THE RIGHT MOVEMENT: Move your mass. Let’s face it. We live in a very sedentary society. Screen time is at an all-time high, and it’s getting worse. Researchers tell us that being sedentary is equal to the smoking epidemic of the past fifty years. If we don’t address this quickly, our present generation of teens and twenty-somethings will be the first generation to die before their parents. Even in a society that promotes sedentary life, if you don’t have the right fuel and the proper oxygen, you won’t move. That’s why “movement” is the third foundational step.

Can you help explain some practices that can be used to develop those habits?

ON GETTING THE RIGHT FUEL. Hydration is the foundation of optimal wellness. Seventy-five percent of Americans struggle with dehydration. Dehydration leads to health issues, mood swings, irritability, anxiety, brain fog, focus/concentration issues, and under-performance.

Some research even shows that “dehydrated-driving” is just as dangerous as drunk-driving. If you’re a high-achiever, I recommend women drink 2–3 liters of water per day and men drink 3–4 liters of water per day.

Next, choose foods that are “clean, green, and organic.” I won’t belabor this but eating plenty of organic veggies, green leafy veggies, and choosing ones as close to the source as possible is critical to optimal wellness.

When you eat “close to the source,” you’re not eating pre-packaged processed foods or refined sugar. For some, this is easier than it is for others.

If you’re new to eating this way, the easiest way to start developing this habit is perimeter shopping. Get in the habit of buying all your food from the store’s outside edges, not the center aisles. Be careful with bakery and dairy items as items may be prone to cause inflammation in the body.

ON GETTING THE RIGHT OXYGEN. To master breathing, I highly recommend practicing regularly. Train your body to sense the difference between constricted chest-breathing and proper abdominal-breathing. This way, when you go into your exercise routine, it’s easier to identify when you’re not breathing correctly. Take five or ten minutes at the beginning, middle, and end of your day to practice.

Additionally, during your workday, do a self-check and ask yourself, “Am I agitated or irritable? Has my mood or focus changed? Am I breathing with my chest? Do I feel tightness in my chest?” If the answer is yes, stop what you’re doing and spend a few minutes focused on proper breathing with the abdominal muscles. In time, your body will naturally revert to a state of abdominal breathing.

ON GETTING THE RIGHT MOVEMENT. Movement requires a balance between the type and amount of exercise. The field of epigenetics has expanded our understanding of this concept. The fancy term is hormesis, which loosely translates to, “The stress which doesn’t kill you, or make you too weak, makes you stronger.” Movement is only one form of hormesis.

I work with too many people who “over-exercise.” They stress their bodies into oblivion and then wonder why their health is failing, their performance is gone, and they can’t seem to take off those unwanted pounds. Conversely, I work with equally as many people who get to the end of their day, not having been purposeful or mindful about movement beyond basic biological needs, and they throw in the towel.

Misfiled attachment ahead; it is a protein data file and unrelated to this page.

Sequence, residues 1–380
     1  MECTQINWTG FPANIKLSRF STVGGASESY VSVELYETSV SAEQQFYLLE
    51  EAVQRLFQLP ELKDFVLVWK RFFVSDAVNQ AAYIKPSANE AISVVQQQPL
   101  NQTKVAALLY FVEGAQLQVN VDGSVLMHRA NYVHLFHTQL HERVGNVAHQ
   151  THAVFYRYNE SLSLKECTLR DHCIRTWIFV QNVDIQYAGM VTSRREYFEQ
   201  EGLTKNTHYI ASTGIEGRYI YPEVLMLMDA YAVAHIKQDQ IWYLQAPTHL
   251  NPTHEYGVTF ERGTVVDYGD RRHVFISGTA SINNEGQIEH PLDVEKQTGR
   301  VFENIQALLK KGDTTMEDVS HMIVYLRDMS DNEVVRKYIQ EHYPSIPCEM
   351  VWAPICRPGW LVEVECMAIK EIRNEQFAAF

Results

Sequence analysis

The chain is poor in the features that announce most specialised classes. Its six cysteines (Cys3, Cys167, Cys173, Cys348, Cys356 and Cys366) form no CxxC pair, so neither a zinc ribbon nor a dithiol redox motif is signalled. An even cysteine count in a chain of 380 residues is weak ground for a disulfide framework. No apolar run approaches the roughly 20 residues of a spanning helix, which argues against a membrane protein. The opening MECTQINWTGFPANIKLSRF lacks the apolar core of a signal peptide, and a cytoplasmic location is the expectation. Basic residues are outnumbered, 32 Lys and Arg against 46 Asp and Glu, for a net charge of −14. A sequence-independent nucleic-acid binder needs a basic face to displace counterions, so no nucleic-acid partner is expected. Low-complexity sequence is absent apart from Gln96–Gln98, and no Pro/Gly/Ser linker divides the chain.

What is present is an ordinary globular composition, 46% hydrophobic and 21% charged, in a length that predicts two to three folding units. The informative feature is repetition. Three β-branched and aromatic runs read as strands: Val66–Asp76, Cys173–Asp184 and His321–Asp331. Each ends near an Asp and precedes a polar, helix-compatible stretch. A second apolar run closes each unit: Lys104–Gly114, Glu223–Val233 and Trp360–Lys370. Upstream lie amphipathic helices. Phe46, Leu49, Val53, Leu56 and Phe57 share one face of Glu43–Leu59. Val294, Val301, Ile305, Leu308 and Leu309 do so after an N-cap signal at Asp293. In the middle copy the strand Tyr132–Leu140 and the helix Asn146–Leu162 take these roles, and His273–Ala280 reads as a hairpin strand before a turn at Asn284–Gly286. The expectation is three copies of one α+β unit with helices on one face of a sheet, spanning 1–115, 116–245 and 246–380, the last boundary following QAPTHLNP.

For different reasons, both extremes of the spectrum have ill effects. In both instances, cortisol is higher than it should be. Additionally, oxidative stress (internal rust) increases, antioxidants are depleted, the immune system breaks down, and organs become damaged from a lack of antioxidant protection.

Trust me when I say this is an over-simplistic view of the spectrum, but I hope you realize that movement requires balance; the right balance of proper fuel, the right balance of adequate oxygen, the correct type of exercise, and the right amount of activity.

If you want to get an upgrade, invest in a biometric tracking device that measures movement and sleep, and it can give you some form of readiness score each morning upon waking.

It doesn’t matter whether you’re at one end of the spectrum or the other; biometric tracking will give you a greater understanding of your internal biological signals that it’s time to pull back or it’s time to go full steam ahead. Many companies make these devices, but my personal favorite is the Oura Ring.

If you’re one of the sedentary-throw-in-the-towel types, keep in mind that mindful and purposeful movement can be as simple as a brisk five to ten-minute walk. Try not to overthink it. Be patient and forgiving with yourself. And, if you get to the end of your day and you haven’t done any purposeful movement, it’s never too late for a brisk walk, no matter how short or long it may be.

Can you share three good habits that can lead to optimal performance at work or sport? Please share a story or example for each.

Use Technology To Track & Improve Your Sleep. I always thought my sleep was excellent; however, I learned otherwise when I started using biometric technology to track my sleep. My core temperature was too elevated, and my deep-wave sleep (the restorative kind) was too low.

Over time, I began noticing the effects of lifestyle and diet on my sleep. So, biohacking my sleep has become an obsession of mine, which has extended into biohacking my entire lifestyle and has allowed me to be more alert, attentive, and productive during the day.